Then, after describing the angels as “winds, and … a flame of fire,” we come to the verses that are the particular focus of the current article, namely verses 8 and 9. I read:
8 But of the Son He says,
“YOUR THRONE, O GOD, IS FOREVER AND EVER,
AND THE RIGHTEOUS SCEPTER IS THE SCEPTER OF HIS KINGDOM. 9 “YOU HAVE LOVED RIGHTEOUSNESS AND HATED LAWLESSNESS; THEREFORE GOD, YOUR GOD, HAS ANOINTED YOU …”
This is a fairly exact quote from Psalm 45:6-7. The author of Hebrews interprets the king of Israel in Psalm 45 as a type of Jesus. The writer described Jesus as “God” in verse 8 because Psalm 45 refers to the king of Israel as “God.” We now need to explain why the king of Israel, and consequently, the Son of God, are described as God.
“God” and the Greek word theos
The word “God” in Hebrews 1:8 is translated from the Greek word theos. Theos, similar to the Hebrew word elohim, can be translated as “god” either with a capital “G” or with a lower “g.” It depends on who it refers to. This requires further clarification.
THERE IS NO WORD IN THE ORIGINAL GREEK TEXT THAT IS EXACTLY EQUAL TO OUR WORD “GOD.” In modern English, we use the word “God,” with a capital “G,” to identify one specific Being; namely, the Uncaused Cause of all things. The word “God,” with a capital “G,” functions in English as A PROPER NAME FOR THE SUPREME BEING.
The ancient languages did not have the modern differentiation between lower and upper case letters. They only had words (such as theos and elohim) that are equivalent to our word “god” with a lower “g.” The word “god,” with a lower “g,” does not identify any specific being, but A CATEGORY OF BEINGS. That group of beings includes the God of the Bible, but also includes other beings. For example, Satan is also called theos, namely “the god of this world” (2 Corinthians 4:4).
Therefore, to translate theos as “God” with a capital “G” or as “god” with a lower “g” depends on the translator’s interpretation, and since translators generally are Trinitarians, they translate the instances where the title theos is applied to Jesus, as “God” with a capital “G.” But if one does not assume the Trinity theory, the reference to Jesus as theos in Hebrews 1:8 may also be translated as “god,” with a lower “g.”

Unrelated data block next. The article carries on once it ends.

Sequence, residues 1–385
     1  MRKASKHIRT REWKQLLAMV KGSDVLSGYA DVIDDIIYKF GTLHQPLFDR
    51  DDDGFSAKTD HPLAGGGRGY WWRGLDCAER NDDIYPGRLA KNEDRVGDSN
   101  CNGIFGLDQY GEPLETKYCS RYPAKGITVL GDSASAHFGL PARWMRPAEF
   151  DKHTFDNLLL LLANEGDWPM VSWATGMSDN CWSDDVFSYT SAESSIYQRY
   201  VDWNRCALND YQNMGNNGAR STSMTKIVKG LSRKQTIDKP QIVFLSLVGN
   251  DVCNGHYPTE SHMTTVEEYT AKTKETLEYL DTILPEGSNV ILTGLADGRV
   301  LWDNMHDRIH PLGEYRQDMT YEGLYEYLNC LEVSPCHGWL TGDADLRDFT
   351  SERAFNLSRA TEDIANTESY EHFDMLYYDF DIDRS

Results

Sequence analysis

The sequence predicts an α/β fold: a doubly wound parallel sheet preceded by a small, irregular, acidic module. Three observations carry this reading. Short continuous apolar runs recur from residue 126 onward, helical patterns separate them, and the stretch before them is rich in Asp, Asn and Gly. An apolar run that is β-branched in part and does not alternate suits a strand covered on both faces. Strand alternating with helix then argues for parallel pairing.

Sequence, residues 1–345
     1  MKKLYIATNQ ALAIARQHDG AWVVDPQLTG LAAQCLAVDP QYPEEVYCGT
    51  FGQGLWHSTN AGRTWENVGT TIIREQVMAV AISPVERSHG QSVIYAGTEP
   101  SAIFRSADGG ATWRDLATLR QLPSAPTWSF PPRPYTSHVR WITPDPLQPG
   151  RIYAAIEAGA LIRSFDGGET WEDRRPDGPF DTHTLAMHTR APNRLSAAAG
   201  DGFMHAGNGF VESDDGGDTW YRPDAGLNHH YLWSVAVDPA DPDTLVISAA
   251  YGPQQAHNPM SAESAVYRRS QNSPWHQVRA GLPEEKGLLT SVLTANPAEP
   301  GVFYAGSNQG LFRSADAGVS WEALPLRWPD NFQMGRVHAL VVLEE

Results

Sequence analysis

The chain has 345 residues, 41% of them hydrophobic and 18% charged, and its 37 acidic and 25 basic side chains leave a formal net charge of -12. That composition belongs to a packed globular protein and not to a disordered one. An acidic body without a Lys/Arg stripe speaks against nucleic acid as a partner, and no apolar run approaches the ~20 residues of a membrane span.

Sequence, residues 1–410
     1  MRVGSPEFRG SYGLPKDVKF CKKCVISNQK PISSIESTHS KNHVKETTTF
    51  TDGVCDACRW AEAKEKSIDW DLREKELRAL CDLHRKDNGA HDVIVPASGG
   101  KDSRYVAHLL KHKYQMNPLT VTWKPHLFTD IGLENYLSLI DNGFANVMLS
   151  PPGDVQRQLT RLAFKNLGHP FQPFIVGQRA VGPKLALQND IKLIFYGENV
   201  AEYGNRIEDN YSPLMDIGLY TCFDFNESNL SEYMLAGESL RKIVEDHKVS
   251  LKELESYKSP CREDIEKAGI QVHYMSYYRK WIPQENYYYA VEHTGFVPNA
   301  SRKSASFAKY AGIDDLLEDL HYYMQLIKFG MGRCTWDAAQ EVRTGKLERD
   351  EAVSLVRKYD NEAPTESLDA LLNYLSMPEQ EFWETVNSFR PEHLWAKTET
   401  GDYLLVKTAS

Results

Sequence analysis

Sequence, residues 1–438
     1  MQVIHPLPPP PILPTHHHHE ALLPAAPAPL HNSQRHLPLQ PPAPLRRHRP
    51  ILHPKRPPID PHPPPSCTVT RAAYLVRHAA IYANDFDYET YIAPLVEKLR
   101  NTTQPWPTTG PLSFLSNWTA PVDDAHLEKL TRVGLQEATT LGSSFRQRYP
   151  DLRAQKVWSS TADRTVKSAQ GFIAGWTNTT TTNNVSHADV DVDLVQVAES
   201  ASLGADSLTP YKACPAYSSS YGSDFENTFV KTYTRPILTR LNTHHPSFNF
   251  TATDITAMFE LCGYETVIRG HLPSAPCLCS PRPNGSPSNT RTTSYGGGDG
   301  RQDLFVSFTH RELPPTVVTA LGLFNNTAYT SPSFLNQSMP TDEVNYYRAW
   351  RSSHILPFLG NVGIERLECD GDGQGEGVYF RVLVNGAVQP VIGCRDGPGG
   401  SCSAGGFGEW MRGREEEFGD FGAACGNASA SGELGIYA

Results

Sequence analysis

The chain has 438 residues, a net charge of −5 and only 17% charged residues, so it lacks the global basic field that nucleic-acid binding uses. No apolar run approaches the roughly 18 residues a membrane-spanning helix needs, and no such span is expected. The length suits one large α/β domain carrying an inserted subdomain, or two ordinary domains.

It is a form of collective circular reasoning: First, the Trinitarian translator adds a capital “G.” Then the readers exclaim, SEE, it says “God! Therefore Jesus is God!” For a further discussion, see – The Meanings of the Word THEOS.
God Jesus has a God.
In conclusion, the fact that Hebrews 1:8 identifies Jesus as God does not prove that He is God. The next verse actually proves that He is not God, for it says to Jesus, “GOD, YOUR GOD, HAS ANOINTED YOU” (Heb. 1:9). In other words, Jesus has a God over Him. This makes one think of John 20. That chapter similarly refers to Jesus as “God,” but in the same chapter Jesus refers to God as His God (compare verses 17 and 28). See – Did Thomas call Jesus “my God” in John 20:28?
Hebrews 1:8 refers to Jesus as “God.” Does this prove that Jesus is God?
The first verses of Hebrews 1, in a number of ways, make an explicit DISTINCTION BETWEEN JESUS AND GOD, and, contrary to the Trinity doctrine, represent Jesus as SUBORDINATE TO GOD. According to verse 6, God commanded all angels to worship the Son. This again shows that the Son is subordinate to the Father. But we do not worship the Son only because God commanded us to. We worship Him because of who He is, for God created all things through Him and still upholds all this through the word of His Son’s power.
Jesus is called theos (that is, god) in Hebrews 1:8 because:
(a) Hebrews 1:8 is a quote from Psalm 45.
(b) In that psalm, the king is called elohim (god).
(c) The writer of Hebrews interpreted the king of Psalm 45 as a type of Christ.
That Jesus is called theos does not prove that He is God, for theos can also be translated either as “god” with a small “g.” But translators are Trinitarians, and therefore believe that Jesus is God. To translate theos as “God,” with a capital “G,” rather than with a small “g,” when it refers to Jesus, IS PURELY INTERPRETATION. It is an application of the Trinity doctrine.
BUT THE VERY NEXT VERSE PROVES THAT JESUS IS NOT GOD, for it says that Jesus has a God over Him.